Minerals containing cobalt were of value to the early civilizations of Egypt and Mesopotamia for colouring glass deep blue. Cobalt was announced to be an element by Georg Brandt about 1739 (or possibly 1735). He had been trying to demonstrate that the blue colour of glass was because of a new element, cobalt, rather than bismuth, an element often found in the same locations as cobalt. Cobalt was originally named from the German word "kobald" meaning "goblin" or evil spirit.
Cobalt salts in small amounts are essential to many life forms, including humans. It is at the core of a vitamin called vitamin-B12. Grazing animals do not to do well in areas where there is little cobalt in the soil.
Cobalt is a brittle, hard, transition metal with magnetic properties similar to those of iron. Cobalt is present in meteorites. Ore deposits are found in Zaire, Morocco and Canada. Cobalt-60 (60Co) is an artificially produced isotope used as a source of g rays (high energy radiation). Cobalt salts colour glass a beautiful deep blue colour.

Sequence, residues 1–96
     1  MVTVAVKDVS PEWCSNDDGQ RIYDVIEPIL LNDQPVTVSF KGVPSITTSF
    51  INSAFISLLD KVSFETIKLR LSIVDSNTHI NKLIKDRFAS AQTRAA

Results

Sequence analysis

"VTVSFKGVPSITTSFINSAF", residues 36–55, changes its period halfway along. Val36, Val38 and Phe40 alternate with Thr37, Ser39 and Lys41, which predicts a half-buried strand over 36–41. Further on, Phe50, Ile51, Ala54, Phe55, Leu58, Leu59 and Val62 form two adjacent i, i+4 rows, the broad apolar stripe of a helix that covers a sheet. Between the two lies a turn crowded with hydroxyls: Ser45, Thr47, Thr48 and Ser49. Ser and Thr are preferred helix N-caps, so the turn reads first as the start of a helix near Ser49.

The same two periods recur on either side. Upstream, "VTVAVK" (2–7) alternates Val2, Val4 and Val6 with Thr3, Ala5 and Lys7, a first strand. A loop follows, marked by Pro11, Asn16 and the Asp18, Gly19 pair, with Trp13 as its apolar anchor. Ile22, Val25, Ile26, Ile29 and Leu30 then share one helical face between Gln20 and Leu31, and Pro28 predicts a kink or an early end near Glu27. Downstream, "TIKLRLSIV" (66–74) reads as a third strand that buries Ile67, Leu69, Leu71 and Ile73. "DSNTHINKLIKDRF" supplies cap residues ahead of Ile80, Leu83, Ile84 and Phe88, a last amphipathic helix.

Signs of deficiency: Anemia, anorexia, bleeding gums, confusion, dementia, depression, difficulty maintaining balance, headache, nausea, numb and tingling extremities, pale gums, pale lips, pale tongue, poor memory, retarded growth, shortness of breath, sore tongue, weakness in the arms and legs, weight loss, yellow eyes and skin. However, if a normal diet is followed a deficiency is most unlikely.
An excessively high intake of cobalt may damage the heart muscles, and may cause an over-production of red blood cells or damage to the thyroid gland.
Signs of toxicity : Cardiomyopathy, erythrocytosis, polycythemia, enlarged thyroid, diarrhea, fatigue, heart palpitations, numbness, and paleness. Some beers are cobalt-stabilized.
Since cobalt is part of the vitamin B12 molecule, the function of cobalt is interwoven with that of vitamin B12.